no way would it be excessive. You can put your heaters in the sump as well as if you have hang on filters you can hang them on your sump instead to have a less cluttered main tank.
sumps ease water changes in that you can just shut off the pump. drain the water from the sump. Add new water to the sump to the same water line the sump had before you drained it and then power up the pump. water change done.
I would suggest something larger than 10 gal
. The reason is evaporation. You can expect up to 1 gal
of evap per day from a sump setup on a 55 gal
. You cant run the sump at full capacity (10 gal
of water) because you must provide some room for backflow when the pump is off as water will flow out of the tank to some degree into the sump. This means your sump will most likly run with a max of 5-6 gal
of water in it. Since most pumps pickup above the bottom of the tank a few inches this gives you something like 3 gal
of acutal evaporation room. (the pumps used to return water will cause a vortex kind of action when the water level is close to their inlet so water must be an inch or more above the inlet to keep air from being injected into the system).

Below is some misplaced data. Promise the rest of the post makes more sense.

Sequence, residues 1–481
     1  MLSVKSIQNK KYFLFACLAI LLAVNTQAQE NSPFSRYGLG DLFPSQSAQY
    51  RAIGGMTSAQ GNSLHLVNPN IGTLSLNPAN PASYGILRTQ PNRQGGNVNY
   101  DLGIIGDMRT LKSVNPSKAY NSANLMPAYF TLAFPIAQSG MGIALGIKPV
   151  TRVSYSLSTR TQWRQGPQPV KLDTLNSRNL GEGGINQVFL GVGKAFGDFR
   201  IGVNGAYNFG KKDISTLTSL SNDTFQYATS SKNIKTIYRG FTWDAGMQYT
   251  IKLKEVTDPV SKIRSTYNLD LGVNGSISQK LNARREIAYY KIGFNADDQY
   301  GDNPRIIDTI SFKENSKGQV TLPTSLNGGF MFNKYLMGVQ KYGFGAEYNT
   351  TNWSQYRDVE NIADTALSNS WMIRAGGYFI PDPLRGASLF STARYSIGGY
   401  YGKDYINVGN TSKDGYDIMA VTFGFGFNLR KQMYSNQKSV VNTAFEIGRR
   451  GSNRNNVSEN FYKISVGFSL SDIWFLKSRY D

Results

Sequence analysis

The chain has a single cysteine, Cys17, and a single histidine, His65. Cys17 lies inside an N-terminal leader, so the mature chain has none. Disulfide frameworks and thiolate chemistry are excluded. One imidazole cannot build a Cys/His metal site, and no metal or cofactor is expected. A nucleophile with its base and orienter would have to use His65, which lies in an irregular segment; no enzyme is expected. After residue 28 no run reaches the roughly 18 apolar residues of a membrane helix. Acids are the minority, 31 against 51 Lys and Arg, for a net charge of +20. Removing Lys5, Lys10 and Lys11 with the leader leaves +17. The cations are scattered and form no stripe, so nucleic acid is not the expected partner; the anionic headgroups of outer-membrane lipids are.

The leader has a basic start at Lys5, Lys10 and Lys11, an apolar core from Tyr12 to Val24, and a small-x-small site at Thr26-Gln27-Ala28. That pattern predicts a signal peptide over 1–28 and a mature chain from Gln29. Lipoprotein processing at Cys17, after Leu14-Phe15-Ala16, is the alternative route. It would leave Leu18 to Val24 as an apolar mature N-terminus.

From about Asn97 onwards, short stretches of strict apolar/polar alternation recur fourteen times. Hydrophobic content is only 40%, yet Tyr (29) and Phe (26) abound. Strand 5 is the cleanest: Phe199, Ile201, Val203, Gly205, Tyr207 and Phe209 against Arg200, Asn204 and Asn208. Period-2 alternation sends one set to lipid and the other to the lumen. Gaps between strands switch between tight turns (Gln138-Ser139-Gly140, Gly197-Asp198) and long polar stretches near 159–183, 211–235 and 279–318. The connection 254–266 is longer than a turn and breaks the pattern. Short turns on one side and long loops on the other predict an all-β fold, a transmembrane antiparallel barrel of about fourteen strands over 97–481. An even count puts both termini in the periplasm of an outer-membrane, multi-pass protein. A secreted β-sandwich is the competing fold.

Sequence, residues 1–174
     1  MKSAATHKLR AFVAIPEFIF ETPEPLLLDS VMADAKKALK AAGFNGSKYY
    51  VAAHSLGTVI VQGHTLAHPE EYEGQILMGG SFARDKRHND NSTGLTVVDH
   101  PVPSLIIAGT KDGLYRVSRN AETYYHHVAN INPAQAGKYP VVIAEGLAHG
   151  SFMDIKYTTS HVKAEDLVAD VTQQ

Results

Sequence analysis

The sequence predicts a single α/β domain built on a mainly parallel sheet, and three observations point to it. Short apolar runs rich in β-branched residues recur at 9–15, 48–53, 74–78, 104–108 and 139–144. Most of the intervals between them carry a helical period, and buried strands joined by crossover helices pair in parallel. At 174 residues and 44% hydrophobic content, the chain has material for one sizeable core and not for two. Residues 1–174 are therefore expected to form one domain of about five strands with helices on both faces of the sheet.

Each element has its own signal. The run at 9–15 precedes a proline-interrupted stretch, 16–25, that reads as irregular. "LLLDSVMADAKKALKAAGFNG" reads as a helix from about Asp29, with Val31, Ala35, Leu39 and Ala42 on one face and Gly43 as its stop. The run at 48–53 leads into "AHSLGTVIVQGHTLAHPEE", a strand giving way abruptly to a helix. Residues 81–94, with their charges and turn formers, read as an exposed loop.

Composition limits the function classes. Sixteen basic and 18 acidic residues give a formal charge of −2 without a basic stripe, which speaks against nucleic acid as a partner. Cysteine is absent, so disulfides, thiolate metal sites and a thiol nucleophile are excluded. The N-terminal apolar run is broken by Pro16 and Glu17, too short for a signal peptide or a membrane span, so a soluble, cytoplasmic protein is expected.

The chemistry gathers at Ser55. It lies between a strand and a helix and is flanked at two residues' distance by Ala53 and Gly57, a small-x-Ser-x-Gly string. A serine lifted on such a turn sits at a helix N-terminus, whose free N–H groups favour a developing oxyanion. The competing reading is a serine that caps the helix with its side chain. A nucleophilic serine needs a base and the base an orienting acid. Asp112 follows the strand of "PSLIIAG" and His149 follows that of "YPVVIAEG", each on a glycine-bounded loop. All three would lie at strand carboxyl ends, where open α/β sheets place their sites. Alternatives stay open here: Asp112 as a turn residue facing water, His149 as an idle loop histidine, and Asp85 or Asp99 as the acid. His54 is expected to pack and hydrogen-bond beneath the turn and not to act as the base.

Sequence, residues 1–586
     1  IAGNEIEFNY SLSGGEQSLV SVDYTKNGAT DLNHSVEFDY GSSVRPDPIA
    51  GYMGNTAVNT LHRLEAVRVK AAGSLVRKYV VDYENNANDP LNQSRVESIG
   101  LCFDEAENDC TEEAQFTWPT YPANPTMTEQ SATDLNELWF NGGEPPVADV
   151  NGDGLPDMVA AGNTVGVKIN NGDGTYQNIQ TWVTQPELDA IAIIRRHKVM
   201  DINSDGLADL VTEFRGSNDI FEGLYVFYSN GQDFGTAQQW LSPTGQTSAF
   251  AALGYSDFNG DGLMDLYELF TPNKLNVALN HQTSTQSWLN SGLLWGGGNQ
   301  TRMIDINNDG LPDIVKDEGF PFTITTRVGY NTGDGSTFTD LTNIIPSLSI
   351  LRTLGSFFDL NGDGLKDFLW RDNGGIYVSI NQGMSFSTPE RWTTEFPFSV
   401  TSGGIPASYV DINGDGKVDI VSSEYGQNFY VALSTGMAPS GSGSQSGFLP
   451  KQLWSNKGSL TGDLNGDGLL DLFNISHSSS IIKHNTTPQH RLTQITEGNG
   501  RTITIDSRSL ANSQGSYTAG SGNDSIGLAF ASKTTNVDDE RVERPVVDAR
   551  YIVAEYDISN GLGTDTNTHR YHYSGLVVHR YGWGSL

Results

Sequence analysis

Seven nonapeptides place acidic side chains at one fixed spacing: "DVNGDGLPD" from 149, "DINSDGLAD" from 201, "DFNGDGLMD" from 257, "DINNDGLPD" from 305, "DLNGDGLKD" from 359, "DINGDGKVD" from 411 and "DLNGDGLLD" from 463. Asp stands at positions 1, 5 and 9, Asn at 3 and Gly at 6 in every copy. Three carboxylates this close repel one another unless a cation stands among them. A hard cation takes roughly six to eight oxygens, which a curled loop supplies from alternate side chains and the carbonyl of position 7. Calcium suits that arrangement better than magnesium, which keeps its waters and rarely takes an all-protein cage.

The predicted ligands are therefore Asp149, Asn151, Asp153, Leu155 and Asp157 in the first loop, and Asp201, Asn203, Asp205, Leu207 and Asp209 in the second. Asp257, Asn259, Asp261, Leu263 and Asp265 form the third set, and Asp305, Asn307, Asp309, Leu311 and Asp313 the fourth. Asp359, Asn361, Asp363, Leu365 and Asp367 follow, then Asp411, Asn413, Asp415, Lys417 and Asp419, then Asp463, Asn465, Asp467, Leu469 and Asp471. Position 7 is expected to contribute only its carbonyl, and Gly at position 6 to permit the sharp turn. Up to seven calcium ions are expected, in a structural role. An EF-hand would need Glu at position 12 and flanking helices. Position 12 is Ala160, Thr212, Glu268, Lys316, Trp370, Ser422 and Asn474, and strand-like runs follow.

This would give you at max 3 days between topoffs of the sump. If you upgrade to say a 15 or 20 gal
tub for the sump you can get up to a week between having to add additional freshwater to the system to replentish evaporation.
You cant put a wet/dry filter in the sump but the wet/dry filter itself is a kind of sump. The wet part of the filter is the sump and the dry part where the water trickles over the bioballs is the filtration.
The skimmer will not work on freshwater so there is no need.